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Comment > 20 Years Of Ramsay Street Book Review by Billy

When Neighbours hit the big 2-0 this year we all braced ourselves for the onslaught of official merchandise which was promised to us. Out of the wreckage of cheap stamps and calendars which fell apart as soon as you stuck them to your bedroom wall came 20 Years of Ramsay Street: The Official Book.

Now. In many ways the template for this book was Josephine Monroe’s earlier guide Neighbours: The First Ten Years – a book containing semi-accurate biographies, plotlines, behind the scenes information and, probably its best feature, an introduction by the late Anne Haddy (Helen Daniels). 20 Years of Ramsay Street builds upon this simple formula to create an almost definitive guide to the show.

The first section, “More Than A Serial” explains how Neighbours is, well, more than a serial. What has baffled many people during its 20 years on air is how in God’s sweet name it managed to avoid the axe. Of course we all know it was axed from Channel 7 in the early days, but that doesn’t really count. It details about how Neighbours is different from the other soaps, and how it stands out and faces its competitors by taking a different approach to plotlines. It’s a breath of fresh air, something different, and something people ultimately enjoy and want to see more of.

After another few pages of bragging about how good it is, we move onto one of my favourite parts – “20 Classic Characters”, much like our own, which we did when Neighbours hit 18. All the usual suspects are there (Mrs. Mangel, Helen, Jim, Madge, Daphne) but what’s nice is that they’ve also included modern favourites like Izzy, Toadie and Susan – which just shows you how far the show has come, and how “The Golden Era” of the eighties isn’t the be all and end all of its success.

What follows is the obligatory feature of the cast members who have gone on to have success (and failure) in the music business. Included obviously are Kylie Minogue, Natalie Imbruglia and Delta Goodrem as well as people whose ventures into the world of pop we’d rather forget (Stefan Dennis). To be honest with you, this sort of thing winds me up. I’m pleased they’ve made a name for themselves outside of the show, and well done for using Neighbours as a launch pad for your careers and yadda yadda yadda, but we all know a lot of the cast have gone on to release records, we all know some are successful whilst others aren’t, and we all know that Delta, Natalie and Kylie are three of Australia’s biggest selling female artists. But who cares? This book is supposed to be about Neighbours, not how many #1’s Delta’s had or how many #63’s Stefan’s had. It’s a nice little feature and everything but, jeez, get over it.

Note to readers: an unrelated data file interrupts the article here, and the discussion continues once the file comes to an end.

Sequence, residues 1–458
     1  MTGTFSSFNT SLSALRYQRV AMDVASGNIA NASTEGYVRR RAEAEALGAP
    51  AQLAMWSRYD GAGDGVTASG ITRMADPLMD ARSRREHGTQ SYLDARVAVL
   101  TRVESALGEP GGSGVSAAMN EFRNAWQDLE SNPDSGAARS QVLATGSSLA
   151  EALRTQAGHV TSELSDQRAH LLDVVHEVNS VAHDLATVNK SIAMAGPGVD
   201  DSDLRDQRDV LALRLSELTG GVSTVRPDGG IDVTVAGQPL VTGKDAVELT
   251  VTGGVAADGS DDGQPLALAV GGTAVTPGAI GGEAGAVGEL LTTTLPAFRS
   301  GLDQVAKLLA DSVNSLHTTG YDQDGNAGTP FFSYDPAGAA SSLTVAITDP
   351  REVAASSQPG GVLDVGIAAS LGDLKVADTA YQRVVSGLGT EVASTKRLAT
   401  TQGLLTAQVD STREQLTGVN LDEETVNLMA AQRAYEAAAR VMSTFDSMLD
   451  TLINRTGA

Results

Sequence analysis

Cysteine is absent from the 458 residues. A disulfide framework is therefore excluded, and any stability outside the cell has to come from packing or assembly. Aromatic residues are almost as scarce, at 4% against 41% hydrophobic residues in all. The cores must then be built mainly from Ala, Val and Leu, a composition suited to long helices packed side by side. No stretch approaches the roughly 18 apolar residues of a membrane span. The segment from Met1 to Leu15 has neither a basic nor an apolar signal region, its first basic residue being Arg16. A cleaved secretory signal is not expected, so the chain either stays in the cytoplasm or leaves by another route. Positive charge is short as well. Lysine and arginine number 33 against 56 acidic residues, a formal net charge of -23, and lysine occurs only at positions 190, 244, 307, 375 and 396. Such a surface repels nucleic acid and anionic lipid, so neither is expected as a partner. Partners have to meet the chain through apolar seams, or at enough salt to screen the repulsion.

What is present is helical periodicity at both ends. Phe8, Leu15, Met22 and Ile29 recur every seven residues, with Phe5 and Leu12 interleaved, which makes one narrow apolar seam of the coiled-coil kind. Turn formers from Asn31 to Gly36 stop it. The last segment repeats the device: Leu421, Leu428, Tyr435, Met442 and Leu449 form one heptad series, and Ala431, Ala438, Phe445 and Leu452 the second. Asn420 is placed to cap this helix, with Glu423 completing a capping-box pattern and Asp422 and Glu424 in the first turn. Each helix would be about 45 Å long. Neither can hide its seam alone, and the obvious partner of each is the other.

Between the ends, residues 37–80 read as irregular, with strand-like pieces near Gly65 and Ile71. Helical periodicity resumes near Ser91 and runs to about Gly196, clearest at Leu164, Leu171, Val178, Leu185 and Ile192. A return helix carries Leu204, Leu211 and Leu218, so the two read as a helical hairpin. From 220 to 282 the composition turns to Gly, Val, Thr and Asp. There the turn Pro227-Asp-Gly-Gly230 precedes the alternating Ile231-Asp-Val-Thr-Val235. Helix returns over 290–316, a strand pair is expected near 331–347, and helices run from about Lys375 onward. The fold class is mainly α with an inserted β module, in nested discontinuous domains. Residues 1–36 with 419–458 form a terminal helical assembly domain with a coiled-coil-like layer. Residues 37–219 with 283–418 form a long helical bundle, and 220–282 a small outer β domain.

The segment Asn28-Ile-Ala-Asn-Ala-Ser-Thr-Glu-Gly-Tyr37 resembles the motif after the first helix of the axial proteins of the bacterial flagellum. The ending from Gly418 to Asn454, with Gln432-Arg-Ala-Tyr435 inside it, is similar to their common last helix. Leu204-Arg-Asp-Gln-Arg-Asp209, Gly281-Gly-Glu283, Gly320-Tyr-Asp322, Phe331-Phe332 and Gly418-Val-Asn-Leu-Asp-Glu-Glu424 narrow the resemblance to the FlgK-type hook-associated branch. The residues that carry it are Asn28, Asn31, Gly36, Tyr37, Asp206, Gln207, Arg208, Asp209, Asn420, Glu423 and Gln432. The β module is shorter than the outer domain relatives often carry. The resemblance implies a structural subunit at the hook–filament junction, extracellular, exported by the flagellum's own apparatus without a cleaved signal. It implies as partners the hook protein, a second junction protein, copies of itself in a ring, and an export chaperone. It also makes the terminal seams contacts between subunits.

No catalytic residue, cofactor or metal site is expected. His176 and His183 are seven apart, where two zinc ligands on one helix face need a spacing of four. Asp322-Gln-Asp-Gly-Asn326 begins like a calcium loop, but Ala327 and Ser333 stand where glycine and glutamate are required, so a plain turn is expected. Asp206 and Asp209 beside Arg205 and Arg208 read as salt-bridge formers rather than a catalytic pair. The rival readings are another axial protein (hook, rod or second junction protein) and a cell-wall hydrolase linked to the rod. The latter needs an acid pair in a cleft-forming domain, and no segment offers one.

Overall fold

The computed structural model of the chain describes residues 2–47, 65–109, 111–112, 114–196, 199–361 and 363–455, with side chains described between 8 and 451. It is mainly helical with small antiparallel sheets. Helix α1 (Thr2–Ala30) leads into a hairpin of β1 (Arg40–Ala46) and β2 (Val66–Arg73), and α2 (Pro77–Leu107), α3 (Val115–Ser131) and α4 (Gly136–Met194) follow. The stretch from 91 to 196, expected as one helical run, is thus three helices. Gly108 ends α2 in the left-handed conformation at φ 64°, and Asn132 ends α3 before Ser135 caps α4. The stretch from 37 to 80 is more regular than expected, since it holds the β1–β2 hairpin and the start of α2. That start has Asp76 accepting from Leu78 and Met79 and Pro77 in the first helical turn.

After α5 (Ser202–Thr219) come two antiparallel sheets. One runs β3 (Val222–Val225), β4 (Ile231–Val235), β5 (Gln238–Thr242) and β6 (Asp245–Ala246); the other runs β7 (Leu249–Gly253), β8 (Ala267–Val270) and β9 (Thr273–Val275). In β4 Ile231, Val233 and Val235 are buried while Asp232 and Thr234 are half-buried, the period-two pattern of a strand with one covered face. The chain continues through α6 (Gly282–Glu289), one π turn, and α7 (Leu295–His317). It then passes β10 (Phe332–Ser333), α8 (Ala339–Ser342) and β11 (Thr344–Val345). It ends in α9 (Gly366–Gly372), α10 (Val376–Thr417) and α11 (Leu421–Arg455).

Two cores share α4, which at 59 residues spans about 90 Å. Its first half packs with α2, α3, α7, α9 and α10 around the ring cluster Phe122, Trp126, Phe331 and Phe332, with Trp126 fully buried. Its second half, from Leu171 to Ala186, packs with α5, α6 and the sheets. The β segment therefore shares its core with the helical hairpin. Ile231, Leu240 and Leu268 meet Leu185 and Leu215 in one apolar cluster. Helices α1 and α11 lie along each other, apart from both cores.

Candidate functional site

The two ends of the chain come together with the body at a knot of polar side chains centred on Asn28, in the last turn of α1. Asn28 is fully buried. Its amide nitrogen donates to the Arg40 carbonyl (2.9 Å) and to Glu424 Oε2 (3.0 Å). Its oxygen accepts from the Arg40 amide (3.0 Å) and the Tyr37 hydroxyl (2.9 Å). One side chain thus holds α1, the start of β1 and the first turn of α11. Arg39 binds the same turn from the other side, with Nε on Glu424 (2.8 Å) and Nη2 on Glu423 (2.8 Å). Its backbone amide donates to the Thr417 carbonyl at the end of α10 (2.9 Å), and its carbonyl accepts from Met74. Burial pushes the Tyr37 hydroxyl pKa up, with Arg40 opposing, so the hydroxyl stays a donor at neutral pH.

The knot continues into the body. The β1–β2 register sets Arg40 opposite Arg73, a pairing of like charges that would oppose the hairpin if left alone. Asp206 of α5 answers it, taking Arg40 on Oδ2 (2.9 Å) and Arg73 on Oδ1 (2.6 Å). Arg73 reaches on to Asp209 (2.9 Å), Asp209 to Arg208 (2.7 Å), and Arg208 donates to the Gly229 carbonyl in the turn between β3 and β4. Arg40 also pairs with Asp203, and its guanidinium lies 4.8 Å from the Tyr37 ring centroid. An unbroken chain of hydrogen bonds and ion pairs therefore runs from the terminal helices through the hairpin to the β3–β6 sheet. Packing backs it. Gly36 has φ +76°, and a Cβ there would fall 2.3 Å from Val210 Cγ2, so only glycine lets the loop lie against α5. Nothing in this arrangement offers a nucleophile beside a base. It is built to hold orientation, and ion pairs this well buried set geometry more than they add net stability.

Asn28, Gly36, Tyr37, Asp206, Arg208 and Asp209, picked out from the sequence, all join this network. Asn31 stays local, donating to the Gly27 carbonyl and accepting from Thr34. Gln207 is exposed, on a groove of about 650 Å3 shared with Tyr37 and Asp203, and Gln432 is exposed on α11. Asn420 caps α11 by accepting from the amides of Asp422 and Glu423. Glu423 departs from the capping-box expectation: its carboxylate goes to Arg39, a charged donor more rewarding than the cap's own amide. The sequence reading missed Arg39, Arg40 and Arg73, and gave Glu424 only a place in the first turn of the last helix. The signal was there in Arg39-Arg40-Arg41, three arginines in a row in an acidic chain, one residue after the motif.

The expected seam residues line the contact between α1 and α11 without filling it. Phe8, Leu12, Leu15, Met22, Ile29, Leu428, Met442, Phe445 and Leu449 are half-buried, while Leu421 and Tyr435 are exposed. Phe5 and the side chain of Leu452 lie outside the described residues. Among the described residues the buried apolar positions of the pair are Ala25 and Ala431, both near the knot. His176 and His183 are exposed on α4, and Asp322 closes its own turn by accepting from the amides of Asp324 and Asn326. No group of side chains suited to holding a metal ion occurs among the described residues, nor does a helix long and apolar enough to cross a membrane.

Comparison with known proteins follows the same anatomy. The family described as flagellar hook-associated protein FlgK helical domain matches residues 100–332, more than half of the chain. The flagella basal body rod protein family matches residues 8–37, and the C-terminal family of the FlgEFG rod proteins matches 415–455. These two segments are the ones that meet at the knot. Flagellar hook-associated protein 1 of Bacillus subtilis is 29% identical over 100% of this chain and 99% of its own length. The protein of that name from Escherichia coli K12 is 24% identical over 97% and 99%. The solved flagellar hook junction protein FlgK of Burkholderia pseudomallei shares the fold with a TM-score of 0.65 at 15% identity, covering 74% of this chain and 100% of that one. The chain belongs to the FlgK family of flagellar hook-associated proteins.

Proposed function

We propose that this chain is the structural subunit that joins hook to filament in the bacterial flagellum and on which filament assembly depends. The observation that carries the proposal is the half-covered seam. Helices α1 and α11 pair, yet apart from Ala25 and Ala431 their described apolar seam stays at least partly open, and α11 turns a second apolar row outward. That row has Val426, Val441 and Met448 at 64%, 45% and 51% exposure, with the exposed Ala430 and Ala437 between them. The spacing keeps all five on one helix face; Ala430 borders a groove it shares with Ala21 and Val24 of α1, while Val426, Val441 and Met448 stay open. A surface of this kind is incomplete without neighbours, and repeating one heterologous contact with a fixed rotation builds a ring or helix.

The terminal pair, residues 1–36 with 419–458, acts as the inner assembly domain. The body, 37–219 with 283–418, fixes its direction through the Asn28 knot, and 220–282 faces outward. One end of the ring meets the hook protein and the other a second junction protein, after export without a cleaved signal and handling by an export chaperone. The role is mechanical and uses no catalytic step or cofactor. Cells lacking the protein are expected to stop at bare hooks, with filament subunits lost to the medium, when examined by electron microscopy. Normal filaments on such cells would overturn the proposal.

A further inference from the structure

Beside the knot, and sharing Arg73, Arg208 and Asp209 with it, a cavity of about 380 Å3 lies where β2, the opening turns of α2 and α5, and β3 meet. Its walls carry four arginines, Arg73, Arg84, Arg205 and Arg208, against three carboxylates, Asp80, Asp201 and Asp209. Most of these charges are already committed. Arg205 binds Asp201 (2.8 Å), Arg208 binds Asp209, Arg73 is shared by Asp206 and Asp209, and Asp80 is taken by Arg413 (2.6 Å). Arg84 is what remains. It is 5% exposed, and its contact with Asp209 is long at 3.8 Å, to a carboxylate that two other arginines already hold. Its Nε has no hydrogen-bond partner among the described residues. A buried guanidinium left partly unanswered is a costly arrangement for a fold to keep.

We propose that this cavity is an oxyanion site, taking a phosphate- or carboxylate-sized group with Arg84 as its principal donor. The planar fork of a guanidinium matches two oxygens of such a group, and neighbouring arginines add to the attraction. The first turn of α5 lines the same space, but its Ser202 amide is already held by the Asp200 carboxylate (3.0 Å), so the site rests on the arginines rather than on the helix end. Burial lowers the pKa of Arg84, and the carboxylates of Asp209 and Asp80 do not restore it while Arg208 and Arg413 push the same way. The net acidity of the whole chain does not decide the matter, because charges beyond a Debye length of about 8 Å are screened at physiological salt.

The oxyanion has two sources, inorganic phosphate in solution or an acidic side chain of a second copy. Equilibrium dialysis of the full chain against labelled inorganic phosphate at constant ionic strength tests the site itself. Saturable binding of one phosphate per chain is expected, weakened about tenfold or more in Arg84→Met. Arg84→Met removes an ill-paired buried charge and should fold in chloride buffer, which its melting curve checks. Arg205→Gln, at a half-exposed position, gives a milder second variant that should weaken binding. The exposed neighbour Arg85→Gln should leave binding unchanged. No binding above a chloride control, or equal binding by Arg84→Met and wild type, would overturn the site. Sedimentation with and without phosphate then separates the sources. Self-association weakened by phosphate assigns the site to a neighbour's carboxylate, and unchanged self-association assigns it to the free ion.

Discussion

Moving on. The Behind the Scenes segment, entitled “Four Months In the Making” details the process which every episode of Neighbours goes through before it is ready for our screens. Now this I like, and this is what the book should contain more of. This feature is brilliant, and interesting, and I learned a lot of new facts. For instance, did you know the actors wear 200 costumes between them over five episodes? Amazing.

Next on the agenda is an A-Z of Neighbours – pretty simple but a lot of fun and there’s lots of things I wouldn’t have expected to be there, like this little beauty:

"Oranges: They spilled onto the floor and surrounded Jim when he was left for dead after his heart attack"

And there’s a picture of a bowl of oranges. Genius. I think every proper fan knows the cult status that bowl of oranges has, and seeing it in there raised a smile to my lips. My sour, sour lips.

Paradoxically (ooh big word) the next chapter “Brighter Lights” is more spiel about the people who left Neighbours for a better future. Okay, Radha Mitchell’s been in a lot of critically acclaimed films. I get it.

“Street Party” is all about Neighbours “off the street”. For instance, the Neighbours Nights which are held in Melbourne and Sydney, and what the actors do to promote the show outside of working hours. A nice feature with some shots of a few psychotic fans thrown in for good measure.

A Year By Year guide follows (you can read ours here), which is nicely done and covers all of the major happenings, and then a list of all the characters (for some reason Maggie Hancock is omitted) who have appeared in the show and how they left.

I must say – the presentation of this book is spellbinding. Inside are hundreds of full colour photographs, many exclusive and many archived ones which haven’t been seen for decades. It has a sleek glossy finish and is fun just to flick through without reading everything because of this.

The back cover kind of sums up everything: “Enjoy Ramsay Street for what it truly is: more than a fictional street in suburban Melbourne, but a way of life for millions of fans worldwide”. And it is, it really is.